5. Him & Me
by Michael and Jack Whitehall
nonfiction 2013
finished 1/22/18
English writers/English setting (with a few vacation spots)

It all began with a show I watched on Netflix called Jack Whitehall: Travels with my Father. I recognized Jack Whitehall from another program I had seen called Very British Problems, but I knew nothing about him. Well, I must say that I have fallen in love a little bit with this father/son team. I've watched Jack's live stand-up show, also on Netflix, but, as funny as he is, I really think he is funnier with his father. They play off one another in this wonderful way. Jack is a very modern young man, and his father is an older man with very conservative, non politically correct opinions. Yet, they love one another deeply. They can also be seen on YouTube in some television programs they did together called Backchat. I have now bought two books, this one, and another by only Michael called Backing into the Spotlight, a memoir which I haven't read yet. I find them simply hilarious. In Him & Me, the authors alternate chapters, with little notes from the one who didn't write the chapter. When Michael tells a family story, Jack is right there with his own memory, and vice versa. I laughed and laughed as I read the book, and mildly chuckled or smiled when I wasn't laughing out loud. My caveat must be that everyone has a different sense of humor. What many people think is funny often leaves me cold. And my Margaret who very often shares my nutty sense of humor just can't get into these two Whitehall men. But I can't get enough. I want them to take another trip together. I follow them on Facebook and Instagram. What can I say except laughter is good for the soul.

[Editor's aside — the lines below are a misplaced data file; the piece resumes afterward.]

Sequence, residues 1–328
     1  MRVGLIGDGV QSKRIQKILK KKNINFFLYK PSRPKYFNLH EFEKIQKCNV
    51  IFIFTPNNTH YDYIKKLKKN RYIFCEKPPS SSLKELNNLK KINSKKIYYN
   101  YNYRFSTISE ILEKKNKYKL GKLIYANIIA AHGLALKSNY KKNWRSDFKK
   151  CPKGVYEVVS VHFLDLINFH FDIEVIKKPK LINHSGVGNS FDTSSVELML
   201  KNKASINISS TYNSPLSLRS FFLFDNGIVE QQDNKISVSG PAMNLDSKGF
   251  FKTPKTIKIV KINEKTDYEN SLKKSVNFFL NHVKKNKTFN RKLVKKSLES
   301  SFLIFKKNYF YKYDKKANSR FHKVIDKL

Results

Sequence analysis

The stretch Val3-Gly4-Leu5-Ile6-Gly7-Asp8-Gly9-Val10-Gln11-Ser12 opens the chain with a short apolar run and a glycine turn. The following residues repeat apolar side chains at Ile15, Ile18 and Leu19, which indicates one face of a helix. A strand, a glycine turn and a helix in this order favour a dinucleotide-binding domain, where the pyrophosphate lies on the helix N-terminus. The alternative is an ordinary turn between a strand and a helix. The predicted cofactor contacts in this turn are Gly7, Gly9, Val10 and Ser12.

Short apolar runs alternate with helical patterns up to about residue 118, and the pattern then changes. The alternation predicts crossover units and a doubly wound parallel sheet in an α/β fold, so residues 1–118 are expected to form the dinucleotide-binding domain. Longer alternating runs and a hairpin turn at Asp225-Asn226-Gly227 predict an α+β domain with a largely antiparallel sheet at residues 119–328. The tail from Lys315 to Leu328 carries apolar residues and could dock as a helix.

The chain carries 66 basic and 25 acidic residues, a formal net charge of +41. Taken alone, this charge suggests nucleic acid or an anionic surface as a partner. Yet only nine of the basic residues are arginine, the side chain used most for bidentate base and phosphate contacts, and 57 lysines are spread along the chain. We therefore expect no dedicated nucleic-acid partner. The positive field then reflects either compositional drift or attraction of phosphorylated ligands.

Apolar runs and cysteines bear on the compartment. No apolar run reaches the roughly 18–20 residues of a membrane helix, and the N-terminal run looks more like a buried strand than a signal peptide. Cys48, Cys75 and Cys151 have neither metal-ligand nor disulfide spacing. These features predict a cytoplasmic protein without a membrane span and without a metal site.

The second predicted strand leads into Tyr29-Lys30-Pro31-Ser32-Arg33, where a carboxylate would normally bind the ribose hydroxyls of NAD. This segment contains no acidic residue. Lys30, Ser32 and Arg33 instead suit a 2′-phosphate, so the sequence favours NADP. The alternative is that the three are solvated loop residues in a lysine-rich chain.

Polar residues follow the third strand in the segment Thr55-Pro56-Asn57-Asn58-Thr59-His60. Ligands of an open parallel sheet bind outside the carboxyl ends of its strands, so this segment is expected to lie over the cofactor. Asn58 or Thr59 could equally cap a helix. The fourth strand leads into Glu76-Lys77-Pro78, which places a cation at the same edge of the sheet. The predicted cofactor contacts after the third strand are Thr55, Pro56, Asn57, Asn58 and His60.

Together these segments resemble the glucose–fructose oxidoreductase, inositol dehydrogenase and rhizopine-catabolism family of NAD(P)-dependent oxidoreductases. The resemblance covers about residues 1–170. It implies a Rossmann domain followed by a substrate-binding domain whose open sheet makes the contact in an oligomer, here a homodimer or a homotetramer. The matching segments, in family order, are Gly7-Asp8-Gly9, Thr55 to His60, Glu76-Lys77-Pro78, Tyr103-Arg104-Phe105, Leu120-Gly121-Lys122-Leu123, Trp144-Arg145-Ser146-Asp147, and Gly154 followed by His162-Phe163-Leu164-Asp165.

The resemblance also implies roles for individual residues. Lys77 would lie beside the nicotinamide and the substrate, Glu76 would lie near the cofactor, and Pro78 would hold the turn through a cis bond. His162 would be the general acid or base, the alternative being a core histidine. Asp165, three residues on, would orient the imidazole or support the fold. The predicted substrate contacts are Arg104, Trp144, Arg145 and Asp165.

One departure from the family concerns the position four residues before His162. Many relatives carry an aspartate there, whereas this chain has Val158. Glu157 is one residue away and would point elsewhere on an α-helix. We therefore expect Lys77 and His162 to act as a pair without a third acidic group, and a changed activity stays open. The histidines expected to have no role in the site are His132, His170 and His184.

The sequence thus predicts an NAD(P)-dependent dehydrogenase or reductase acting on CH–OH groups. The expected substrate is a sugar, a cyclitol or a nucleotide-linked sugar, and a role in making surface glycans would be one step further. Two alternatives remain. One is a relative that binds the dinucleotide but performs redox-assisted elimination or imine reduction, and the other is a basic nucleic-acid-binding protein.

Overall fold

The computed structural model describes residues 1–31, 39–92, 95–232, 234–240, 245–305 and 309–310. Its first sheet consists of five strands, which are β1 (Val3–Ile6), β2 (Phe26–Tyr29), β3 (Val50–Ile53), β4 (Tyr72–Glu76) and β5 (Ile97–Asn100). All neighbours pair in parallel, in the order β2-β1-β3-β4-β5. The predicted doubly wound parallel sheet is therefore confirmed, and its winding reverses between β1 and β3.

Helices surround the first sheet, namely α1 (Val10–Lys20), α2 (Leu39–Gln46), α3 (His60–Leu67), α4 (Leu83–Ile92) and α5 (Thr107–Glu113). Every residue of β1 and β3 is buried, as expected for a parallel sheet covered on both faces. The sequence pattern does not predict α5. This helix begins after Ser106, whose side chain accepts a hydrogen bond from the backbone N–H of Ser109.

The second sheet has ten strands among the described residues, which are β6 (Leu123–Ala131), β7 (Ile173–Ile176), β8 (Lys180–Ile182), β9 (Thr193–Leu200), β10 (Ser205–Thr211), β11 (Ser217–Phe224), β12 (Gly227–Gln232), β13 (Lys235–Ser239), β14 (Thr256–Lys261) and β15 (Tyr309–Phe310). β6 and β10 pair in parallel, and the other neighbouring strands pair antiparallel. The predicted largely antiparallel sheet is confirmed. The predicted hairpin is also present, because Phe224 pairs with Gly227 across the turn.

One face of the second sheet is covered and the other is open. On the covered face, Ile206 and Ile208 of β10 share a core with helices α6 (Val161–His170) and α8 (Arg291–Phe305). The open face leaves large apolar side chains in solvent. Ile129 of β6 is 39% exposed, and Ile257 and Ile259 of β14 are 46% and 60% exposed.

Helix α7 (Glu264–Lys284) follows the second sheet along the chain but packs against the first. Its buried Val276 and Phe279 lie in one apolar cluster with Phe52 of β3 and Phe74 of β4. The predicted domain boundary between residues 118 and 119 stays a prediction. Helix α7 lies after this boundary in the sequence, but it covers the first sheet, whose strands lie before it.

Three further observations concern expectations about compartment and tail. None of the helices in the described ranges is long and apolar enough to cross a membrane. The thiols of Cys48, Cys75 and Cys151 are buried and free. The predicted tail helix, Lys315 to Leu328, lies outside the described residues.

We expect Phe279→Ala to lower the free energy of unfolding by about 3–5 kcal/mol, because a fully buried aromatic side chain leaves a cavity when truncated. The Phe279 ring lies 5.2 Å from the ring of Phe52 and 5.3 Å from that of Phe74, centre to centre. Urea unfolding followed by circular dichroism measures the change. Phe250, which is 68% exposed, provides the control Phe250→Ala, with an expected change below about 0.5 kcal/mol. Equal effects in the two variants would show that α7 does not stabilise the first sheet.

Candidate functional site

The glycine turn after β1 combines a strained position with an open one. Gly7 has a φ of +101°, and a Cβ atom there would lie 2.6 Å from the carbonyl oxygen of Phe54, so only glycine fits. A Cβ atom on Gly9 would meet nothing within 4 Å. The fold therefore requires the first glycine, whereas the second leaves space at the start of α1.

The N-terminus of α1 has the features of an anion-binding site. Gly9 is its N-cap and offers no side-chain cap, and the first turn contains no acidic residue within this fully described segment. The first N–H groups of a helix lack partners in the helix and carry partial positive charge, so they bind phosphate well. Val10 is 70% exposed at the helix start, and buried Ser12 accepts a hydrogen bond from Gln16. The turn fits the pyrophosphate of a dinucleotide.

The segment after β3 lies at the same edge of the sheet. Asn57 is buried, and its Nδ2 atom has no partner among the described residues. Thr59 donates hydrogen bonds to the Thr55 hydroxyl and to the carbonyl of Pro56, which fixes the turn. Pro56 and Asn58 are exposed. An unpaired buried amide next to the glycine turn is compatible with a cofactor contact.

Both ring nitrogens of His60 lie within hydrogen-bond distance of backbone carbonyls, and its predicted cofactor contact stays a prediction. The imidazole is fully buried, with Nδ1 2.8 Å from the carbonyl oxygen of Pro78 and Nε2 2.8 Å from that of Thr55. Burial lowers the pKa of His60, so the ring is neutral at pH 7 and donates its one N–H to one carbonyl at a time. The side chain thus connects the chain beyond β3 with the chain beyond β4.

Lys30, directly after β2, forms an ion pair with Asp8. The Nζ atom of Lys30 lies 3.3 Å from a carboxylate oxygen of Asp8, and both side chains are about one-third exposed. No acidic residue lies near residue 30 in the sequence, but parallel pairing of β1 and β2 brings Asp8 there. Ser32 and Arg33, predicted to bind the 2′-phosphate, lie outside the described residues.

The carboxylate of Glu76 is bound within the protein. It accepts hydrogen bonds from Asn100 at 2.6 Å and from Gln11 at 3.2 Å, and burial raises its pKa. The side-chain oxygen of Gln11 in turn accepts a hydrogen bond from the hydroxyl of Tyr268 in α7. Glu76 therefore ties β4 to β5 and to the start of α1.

6. After the Wake: Twenty-One Prose Works Including Previously Unpublished Material
by Brendan Behan
fiction and nonfiction published posthumously 1981
finished 1/26/18
Irish writer/Irish setting (mostly)

Brendan Behan was the January entry for my new Irish calendar which I wrote about a couple days ago. I had never read him, and really only heard his name from my Irish friend, Eddie. His best-known work is probably Borstal Boy which you may read about here. I am finding it a little difficult to write about this book. There were times when I thought the writing was lively and even brilliant, and other times it seemed to be rambling and a bit incoherent. Behan was famously quite the drinker and probably this influenced his writing. Perhaps I'd have done better to read Borstal Boy, but I'm not interested in reading about a boy in prison. And maybe that explains why I didn't care for this collection. The subject matter just didn't appeal to me. By the way, Behan is pronounced like bein'. There's quite a good piece on the writer here, if you are interested to know more than I have told you.

7. Silence - book 3 in the Inspector Celcius Daly series
by Anthony J Quinn
crime fiction 2015 (first time I've used this term, I think. A better description than mystery.)
finished 1/31/18
Irish writer/Irish setting

Now this is an Irish writer I really like. The setting is Northern Ireland where the past is always lurking. The Troubles are just under the surface. There's a fine article from a few years ago which talks about this. Celcius is a lonely man who lives in the cottage where he grew up, and is a man who is a serious thinker about the present and the past. This book tells us Celcius' back story and explains so much about the character. I really love this series and am so happy there are two more I haven't read. I hope it goes on and on.